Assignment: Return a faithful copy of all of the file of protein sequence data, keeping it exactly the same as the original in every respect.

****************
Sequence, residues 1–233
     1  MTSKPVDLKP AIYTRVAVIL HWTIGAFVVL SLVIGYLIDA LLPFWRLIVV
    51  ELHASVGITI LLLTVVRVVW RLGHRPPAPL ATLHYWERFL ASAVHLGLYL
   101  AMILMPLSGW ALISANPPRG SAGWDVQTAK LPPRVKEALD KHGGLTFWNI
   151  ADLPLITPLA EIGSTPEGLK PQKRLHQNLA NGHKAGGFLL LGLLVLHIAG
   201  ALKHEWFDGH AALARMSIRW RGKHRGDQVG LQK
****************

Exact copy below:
Sequence, residues 1–233
     1  MTSKPVDLKP AIYTRVAVIL HWTIGAFVVL SLVIGYLIDA LLPFWRLIVV
    51  ELHASVGITI LLLTVVRVVW RLGHRPPAPL ATLHYWERFL ASAVHLGLYL
   101  AMILMPLSGW ALISANPPRG SAGWDVQTAK LPPRVKEALD KHGGLTFWNI
   151  ADLPLITPLA EIGSTPEGLK PQKRLHQNLA NGHKAGGFLL LGLLVLHIAG
   201  ALKHEWFDGH AALARMSIRW RGKHRGDQVG LQK